“Doing it properly”: transition to motherhood for first time mothers 35 years and above
AuthorCarolan, Mary Concepta
AffiliationSchool of Nursing
Document TypePhD thesis
CitationsCarolan, M. C. (2004). “Doing it properly”: transition to motherhood for first time mothers 35 years and above. PhD thesis, School of Nursing, The University of Melbourne.
Access StatusOpen Access
© 2004 Dr. Mary Concepta Carolan
This qualitative study investigated the experiences of first mothering for a new social category of mothers, primiparae aged greater than 35 years. Participants were recruited from a tertiary hospital in Melbourne, Australia, a city of more than 3 million people. A total of 22 new mothers were interviewed about their experiences of transition to motherhood. In a smaller sidearm of this study, three focus groups of midwives and maternal and child health nurses were conducted in a bid to identify clinical needs for this particular group of mothers. In general, participants reported high levels of anxiety in the early days of mothering and over 3 in-depth interviews, these women revealed a need for additional social and professional support. However, despite a shaky start, participants ultimately described themselves as both resourceful and proactive, in terms or recruiting information to meet their needs. Despite negative appraisal of their maternal capabilities by a variety of health professionals including midwives and maternal and child health nurses, and common associations of maladjustment, this study found to the contrary. By 6 months postpartum, most participants had, by their own admission, become confident mothers and were overwhelmingly positive about their mothering experiences. Although these women used services and phoned for advice more than perhaps younger mothers, they did not demonstrate the high levels of post-natal maladjustment or depression anecdotally associated with older first-time mothering. Focus group data also clearly indicated that this growing group of mothers had concerns and needs that differed from younger mothers, particularly in regard to confidence building in the first three months post partum. Findings explored ways to provide more meaningful support and improved professional care. The importance of this study is located in the intellectual contribution it makes to the debate surrounding the social context of mothering. An opportunity also presents for health professionals to gain an understanding of the experiences of maternity for contemporary older primiparae. This new understanding may in turn enable health professionals to challenge existing preconceptions of maladjustment among this group of mothers. Finally, an identification of the specific needs of this cohort may give rise to more meaningful maternal support and patient sensitive care.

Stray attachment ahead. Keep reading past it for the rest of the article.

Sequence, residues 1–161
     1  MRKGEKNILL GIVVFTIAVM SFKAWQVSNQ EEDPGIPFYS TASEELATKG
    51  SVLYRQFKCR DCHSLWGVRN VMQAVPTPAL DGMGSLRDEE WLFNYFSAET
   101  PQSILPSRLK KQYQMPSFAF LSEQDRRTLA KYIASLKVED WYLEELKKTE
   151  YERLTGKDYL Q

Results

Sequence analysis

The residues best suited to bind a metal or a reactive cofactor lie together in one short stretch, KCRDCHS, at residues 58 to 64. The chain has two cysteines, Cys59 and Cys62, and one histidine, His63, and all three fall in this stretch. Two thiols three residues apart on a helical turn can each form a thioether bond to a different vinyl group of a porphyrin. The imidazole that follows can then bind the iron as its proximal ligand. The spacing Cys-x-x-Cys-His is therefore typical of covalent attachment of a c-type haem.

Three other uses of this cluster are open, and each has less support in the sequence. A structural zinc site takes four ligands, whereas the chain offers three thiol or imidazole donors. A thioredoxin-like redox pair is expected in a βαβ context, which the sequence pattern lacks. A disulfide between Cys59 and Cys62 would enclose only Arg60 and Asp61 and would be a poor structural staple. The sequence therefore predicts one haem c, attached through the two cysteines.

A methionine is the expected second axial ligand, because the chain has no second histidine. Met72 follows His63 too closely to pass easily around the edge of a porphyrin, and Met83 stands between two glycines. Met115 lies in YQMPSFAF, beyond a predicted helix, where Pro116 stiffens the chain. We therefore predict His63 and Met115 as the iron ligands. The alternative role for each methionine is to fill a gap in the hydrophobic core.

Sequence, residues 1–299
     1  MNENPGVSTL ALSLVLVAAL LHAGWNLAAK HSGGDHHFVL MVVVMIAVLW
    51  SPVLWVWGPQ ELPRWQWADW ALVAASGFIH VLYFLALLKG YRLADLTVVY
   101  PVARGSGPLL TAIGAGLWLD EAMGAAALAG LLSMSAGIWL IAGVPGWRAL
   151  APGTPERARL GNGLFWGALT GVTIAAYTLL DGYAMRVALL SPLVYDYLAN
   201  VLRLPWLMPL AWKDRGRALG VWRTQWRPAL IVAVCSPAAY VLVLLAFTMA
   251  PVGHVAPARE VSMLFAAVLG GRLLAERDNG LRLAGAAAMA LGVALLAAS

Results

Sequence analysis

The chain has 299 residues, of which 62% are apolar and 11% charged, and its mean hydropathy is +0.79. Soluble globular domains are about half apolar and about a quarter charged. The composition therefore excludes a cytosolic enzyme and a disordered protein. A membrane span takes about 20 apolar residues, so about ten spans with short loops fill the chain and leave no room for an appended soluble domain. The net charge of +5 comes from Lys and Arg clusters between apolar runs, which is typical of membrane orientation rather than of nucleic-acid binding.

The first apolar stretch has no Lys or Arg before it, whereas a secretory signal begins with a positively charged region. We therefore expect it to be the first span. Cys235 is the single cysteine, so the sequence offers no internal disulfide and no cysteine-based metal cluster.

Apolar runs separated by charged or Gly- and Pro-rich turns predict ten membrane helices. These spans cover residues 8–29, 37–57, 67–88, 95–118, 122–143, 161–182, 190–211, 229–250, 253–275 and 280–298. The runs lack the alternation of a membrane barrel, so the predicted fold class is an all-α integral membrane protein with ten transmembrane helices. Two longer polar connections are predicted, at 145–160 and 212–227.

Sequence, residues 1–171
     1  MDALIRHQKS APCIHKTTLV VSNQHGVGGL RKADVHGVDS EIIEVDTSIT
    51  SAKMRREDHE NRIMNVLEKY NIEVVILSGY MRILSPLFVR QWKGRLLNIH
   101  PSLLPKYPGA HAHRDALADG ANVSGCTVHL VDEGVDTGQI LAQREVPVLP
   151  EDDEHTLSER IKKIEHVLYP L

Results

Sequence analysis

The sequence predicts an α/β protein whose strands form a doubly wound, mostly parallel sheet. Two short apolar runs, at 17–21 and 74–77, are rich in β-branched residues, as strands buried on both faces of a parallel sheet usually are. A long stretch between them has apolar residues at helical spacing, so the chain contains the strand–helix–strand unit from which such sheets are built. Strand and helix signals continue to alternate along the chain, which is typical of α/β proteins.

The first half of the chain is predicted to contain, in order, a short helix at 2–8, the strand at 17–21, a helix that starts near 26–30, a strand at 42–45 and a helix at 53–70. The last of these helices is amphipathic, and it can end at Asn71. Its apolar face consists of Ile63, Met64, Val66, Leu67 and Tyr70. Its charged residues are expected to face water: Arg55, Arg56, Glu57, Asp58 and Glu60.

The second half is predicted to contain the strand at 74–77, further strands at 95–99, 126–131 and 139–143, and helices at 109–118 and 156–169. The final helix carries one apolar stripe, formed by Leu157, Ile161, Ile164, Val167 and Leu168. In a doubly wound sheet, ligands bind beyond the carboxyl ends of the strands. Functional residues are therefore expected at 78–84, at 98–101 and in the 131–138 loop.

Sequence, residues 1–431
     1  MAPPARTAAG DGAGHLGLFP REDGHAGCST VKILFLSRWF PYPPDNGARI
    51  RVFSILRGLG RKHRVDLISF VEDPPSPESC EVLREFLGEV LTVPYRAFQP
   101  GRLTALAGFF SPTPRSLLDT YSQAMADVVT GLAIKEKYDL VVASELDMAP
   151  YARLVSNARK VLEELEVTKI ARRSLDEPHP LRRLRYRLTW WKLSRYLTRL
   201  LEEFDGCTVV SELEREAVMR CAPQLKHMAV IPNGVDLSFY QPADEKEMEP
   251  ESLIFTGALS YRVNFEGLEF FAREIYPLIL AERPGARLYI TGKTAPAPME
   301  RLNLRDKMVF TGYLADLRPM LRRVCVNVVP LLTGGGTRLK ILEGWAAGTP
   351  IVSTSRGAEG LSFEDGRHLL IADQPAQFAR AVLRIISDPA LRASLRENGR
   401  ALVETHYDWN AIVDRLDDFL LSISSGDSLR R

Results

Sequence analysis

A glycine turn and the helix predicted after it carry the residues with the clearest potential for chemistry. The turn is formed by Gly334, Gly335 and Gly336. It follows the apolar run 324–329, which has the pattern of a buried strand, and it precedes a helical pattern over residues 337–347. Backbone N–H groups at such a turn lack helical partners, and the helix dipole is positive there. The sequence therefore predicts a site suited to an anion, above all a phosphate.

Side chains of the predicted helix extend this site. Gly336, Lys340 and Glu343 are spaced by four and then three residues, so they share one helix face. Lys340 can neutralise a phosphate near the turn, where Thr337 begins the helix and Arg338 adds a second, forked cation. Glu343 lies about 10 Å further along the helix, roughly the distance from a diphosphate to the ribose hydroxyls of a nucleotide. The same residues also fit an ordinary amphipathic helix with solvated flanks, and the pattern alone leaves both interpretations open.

Keywordsmotherhood; childbirth; middle age
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